Not to be confused with “the bias of my anime list’s scores”, which would mean that it’s all my opinion anyway.
One reason why I’ve never signed up for a MyAnimeList (henceforth “MAL”) is the way users score. The reviews, the fact the site hasn’t gone back to full functionality after waiting for weeks and the other problems are a topic for another time, but for now, let’s go through why I have such problems with MAL scoring.
As I was checking up information about the upcoming SSSS.Gridman (note this was in August 2018), it already had a 6.7 out of 10. Unless people evaluated the premiere at Anime Expo, I don’t see how anyone could score it. Plus, even if people had done that, it wouldn’t be a proper evaluation of the series, since a large portion of the show hasn’t come out yet to any part of the world!
That’s just the tip of the iceberg though – MAL apparently counts 5 as “average”, whereas people based on MAL tend to score higher than that. As in, they won’t score under 6 unless they consider something “terrible”. It could be said that this is from school scoring, where 70+ out of 100 is seen as “acceptable or great”, but even then, having a small spectrum of scores, even if they are more heavily weighted towards one side of the scale, would be more suitable for the three or 5 step systems (i.e. smiley-face ratings, five star ratings or their equivalents). MAL only operates under a number out of 10 system, which means people should use the nuances of the in-between values to their advantage – something that’s been argued long before this post came out (in internet time, if not real time).
However, people use MAL scores as a “trustworthy” metric as to whether a show is “good”. Scores over 7 are seen as “healthy” scores which require at least checking out if the show is up your alley, while 6 and below are seen as “polarising” or just plain “bad”. However, when they’re assigned to things happening in real time (e.g. Satsuriku no Tenshi’s MAL score of 7.1 as of the 18th of August 2018), they’re subject to mass fluctuation, which is hardly a great way to check if a show is “good”. Furthermore, even if the community doesn’t like a show, it’s possible you might still like it – hatewatches, for instance.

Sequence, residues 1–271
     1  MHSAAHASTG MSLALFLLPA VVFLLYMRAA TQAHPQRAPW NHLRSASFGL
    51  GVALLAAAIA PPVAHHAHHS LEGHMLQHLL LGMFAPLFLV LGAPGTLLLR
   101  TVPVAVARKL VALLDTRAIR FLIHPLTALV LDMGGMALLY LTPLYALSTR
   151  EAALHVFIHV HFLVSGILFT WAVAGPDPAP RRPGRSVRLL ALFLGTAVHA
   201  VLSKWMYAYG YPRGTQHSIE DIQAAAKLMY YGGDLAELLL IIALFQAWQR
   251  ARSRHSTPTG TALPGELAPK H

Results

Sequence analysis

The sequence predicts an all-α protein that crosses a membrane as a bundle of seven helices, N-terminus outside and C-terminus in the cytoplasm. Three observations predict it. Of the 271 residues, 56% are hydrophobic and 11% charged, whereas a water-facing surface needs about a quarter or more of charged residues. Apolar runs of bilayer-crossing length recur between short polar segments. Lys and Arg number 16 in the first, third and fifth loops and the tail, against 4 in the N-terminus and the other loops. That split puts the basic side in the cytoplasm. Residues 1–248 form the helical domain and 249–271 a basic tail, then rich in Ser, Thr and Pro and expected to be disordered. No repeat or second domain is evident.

Sidebar: This brings into question what anything from 6.1 to 6.9 stands for – it would presumably be that these decimals are where “good” is really filtered from “bad”.
Seasonal Prattle has some nice discussion on both that very topic and scores in general in regards to Planet With (which admittedly were part of the inspiration and fact-checking of this post, since the about page, a.k.a. “where the site’s definitions of the scores are meant to be”, was out of commission as of the time of posting), so if you want to read more about this topic, feel free to hop on over there…Make sure to finish reading this post first, though.
There is admittedly some grain of truth when it comes to scores of really horrible anime – Mars of Destruction, often cited in quests for horrible anime, has a score of 2.3 out of 10 (as of August 18th 2018) for one thing – but after a certain score threshold around 4 or 5 out of 10, these scores no longer hold any water.
Even with the mass exodus after the site became less active, these rating problems persist within MAL’s webpages. Thus, unless your challenge is to watch anime under/over/exactly at a specific MAL score, the advice would be to not just rely on one score for your entire PTW – make sure you get some recommendations outside MAL scores, use multiple sources for checking whether you’ll like a show if you’re unsure about it (and only want a score metric) and bring a healthy dose of critical thinking when you parse score information about shows that haven’t run their course yet. It sounds simple, but not everyone does it.
So what do you think about MAL scores? Are they completely untrustworthy and is there a better substitute for them, or are they only true up to a certain score?